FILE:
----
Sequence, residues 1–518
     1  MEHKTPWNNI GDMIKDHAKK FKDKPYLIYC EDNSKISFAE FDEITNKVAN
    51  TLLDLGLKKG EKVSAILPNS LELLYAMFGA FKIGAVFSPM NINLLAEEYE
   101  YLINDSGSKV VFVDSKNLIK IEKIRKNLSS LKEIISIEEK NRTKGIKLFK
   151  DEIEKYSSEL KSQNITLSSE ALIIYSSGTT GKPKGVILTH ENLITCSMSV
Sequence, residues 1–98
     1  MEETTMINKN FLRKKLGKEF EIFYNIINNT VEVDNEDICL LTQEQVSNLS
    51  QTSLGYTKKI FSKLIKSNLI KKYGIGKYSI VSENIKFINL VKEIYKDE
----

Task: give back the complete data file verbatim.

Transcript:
Sequence, residues 1–518
     1  MEHKTPWNNI GDMIKDHAKK FKDKPYLIYC EDNSKISFAE FDEITNKVAN
    51  TLLDLGLKKG EKVSAILPNS LELLYAMFGA FKIGAVFSPM NINLLAEEYE
   101  YLINDSGSKV VFVDSKNLIK IEKIRKNLSS LKEIISIEEK NRTKGIKLFK
   151  DEIEKYSSEL KSQNITLSSE ALIIYSSGTT GKPKGVILTH ENLITCSMSV
Sequence, residues 1–98
     1  MEETTMINKN FLRKKLGKEF EIFYNIINNT VEVDNEDICL LTQEQVSNLS
    51  QTSLGYTKKI FSKLIKSNLI KKYGIGKYSI VSENIKFINL VKEIYKDE